Notes from the SharePoint Masters

Whether you feel certification is worthwhile to pursue or not worth your time, it’s still interesting to talk to the people who have attained the highest certification in the SharePoint universe. I count 47 people currently who hold the Microsoft Certified Master (MCM) on Microsoft SharePoint Server.

These are the survivors, many of them Microsoft employees, who have slogged through prerequisite certifications, a one-hour interview to validate their knowledge, then three weeks of training in Redmond from 8 a.m. to 8 p.m. every day, with at least three written exams and a final eight-hour qualifying lab with multiple SharePoint farms and multiple scenarios.

What are they seeing with SharePoint? I spoke to several SharePoint masters to find out.

 

Customer Trends

“A lot of customers are interested in BPOS and SharePoint Online,” says Vesa “Vesku” Juvonen an MCM for SharePoint 2010 from Finland.

“We see interest from people in FAST,” says Mirjam van Olst, a SharePoint master from the Netherlands. “We’re pushing people to hosted SharePoint.”

“Governance is a buzz word,” says Morton Schioldan, a SharePoint master from Denmark, “but typically I see problems in logical architecture—knowing your limitations, your architecture. Typically, customers have lost control of the platform.”

“There’s a lot of multi-lingual questions—it’s a big challenge for collaboration,” says Maxime Bombardier, a SharePoint master from Canada.

 

Customized vs. Out of the box

“They tend to want as out-of-the-box as possible, but then they want branding and so on, so you end up having quite a customized deployment,” Juvonen says. “I see a lot of projects that fail because of fancy UIs. People tend to use the publishing features, which means more customizations. Interest in team development for SharePoint 2010—people want to know how to work on 20 versions—what are the tools? What are the methodologies?”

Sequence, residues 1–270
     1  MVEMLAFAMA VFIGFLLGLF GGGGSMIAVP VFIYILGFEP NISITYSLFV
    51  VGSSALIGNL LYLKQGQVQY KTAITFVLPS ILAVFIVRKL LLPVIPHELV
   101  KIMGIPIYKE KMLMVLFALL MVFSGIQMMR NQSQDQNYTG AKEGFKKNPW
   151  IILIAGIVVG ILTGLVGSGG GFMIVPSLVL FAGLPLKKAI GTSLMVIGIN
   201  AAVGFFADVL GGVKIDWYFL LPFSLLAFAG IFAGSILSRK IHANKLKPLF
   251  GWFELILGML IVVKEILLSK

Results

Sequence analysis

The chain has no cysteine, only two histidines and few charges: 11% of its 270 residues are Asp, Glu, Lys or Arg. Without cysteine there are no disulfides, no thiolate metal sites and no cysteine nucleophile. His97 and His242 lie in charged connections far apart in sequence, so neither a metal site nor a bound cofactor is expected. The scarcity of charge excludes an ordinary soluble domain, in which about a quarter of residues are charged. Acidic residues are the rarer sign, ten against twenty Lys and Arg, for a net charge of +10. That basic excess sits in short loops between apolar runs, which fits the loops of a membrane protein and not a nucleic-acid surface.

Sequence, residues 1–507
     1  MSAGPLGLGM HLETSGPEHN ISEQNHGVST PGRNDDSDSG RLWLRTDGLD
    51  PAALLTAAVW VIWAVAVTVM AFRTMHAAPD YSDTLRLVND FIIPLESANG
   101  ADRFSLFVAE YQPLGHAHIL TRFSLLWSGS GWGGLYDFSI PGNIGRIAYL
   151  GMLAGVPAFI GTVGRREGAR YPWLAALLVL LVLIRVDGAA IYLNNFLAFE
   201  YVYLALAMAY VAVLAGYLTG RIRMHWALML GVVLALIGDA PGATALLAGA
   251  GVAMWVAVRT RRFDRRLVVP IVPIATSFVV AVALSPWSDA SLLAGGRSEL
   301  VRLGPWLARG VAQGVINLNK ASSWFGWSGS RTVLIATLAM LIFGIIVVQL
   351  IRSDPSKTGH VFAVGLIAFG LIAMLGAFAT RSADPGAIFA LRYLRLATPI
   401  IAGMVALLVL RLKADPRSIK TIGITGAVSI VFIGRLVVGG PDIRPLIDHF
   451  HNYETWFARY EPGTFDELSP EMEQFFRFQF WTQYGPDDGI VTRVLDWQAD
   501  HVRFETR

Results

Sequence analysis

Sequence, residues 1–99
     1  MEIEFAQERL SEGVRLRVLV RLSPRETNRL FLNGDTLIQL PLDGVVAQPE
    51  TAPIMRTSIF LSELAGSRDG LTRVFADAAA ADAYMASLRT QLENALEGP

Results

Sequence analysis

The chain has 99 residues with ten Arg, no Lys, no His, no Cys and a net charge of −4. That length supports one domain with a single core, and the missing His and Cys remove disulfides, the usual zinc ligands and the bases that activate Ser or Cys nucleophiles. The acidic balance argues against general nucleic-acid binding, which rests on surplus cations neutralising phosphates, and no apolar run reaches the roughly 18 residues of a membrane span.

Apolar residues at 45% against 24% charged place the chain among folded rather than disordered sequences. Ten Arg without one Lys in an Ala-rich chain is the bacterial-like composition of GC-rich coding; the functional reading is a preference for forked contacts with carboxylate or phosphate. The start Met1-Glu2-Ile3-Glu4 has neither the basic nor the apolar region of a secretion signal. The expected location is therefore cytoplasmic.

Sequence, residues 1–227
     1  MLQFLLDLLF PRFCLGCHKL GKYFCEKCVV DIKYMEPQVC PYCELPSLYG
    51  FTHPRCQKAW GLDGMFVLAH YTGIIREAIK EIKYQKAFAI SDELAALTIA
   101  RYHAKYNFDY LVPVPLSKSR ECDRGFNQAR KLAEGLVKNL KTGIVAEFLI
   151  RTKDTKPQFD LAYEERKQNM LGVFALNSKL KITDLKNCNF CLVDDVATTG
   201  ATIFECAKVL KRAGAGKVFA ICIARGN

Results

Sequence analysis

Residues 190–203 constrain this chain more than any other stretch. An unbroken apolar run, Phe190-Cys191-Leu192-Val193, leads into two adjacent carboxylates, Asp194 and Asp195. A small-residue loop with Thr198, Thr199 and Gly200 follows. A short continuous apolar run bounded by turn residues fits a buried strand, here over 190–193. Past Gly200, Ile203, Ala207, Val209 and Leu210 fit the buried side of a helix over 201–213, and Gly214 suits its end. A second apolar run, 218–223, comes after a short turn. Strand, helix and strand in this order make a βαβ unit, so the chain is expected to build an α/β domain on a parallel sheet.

Migrating to SharePoint 2010

“In 2010, the service applications area is good. The content organizer and distributed archives is good. The improvements in search relevancy results are good, particularly with FAST,” says van Olst .

“Everyone’s waiting for the first big company to go through moving to 2010. [The issue is] how to integrate with other systems,” says Bombardier. “It’s very tough to move companies with multiple locations. Large companies might have specific requirements for special departments because of compliance.”

 

Enterprise Content Management

“Web content management, that whole ECM strategy—how does web content relate to records?” says Bombardier. “Large companies have been hearing about ECM, but they haven’t moved. These companies are way behind in content management, with terabytes of data they don’t know what to do with. They have people who are record keepers, who think everything’s a record. But you can’t treat all documents the same.” In the enterprise, he says, “all these silos didn’t talk to each other—SharePoint broke that barrier.”

 

SharePoint in General

“Microsoft tells everyone how easy it is, but it’s not easy to use in an enterprise environment. I’ve seen many SharePoint deployments go wrong. No one person can know everything about SharePoint. And it requires so much hardware,” says van Olst.

“It’s easier to learn the IT pro side if you’ve had developer training,” says Juvonen.

“It’s difficult to be good at SharePoint and do only one thing,” says Schioldan.

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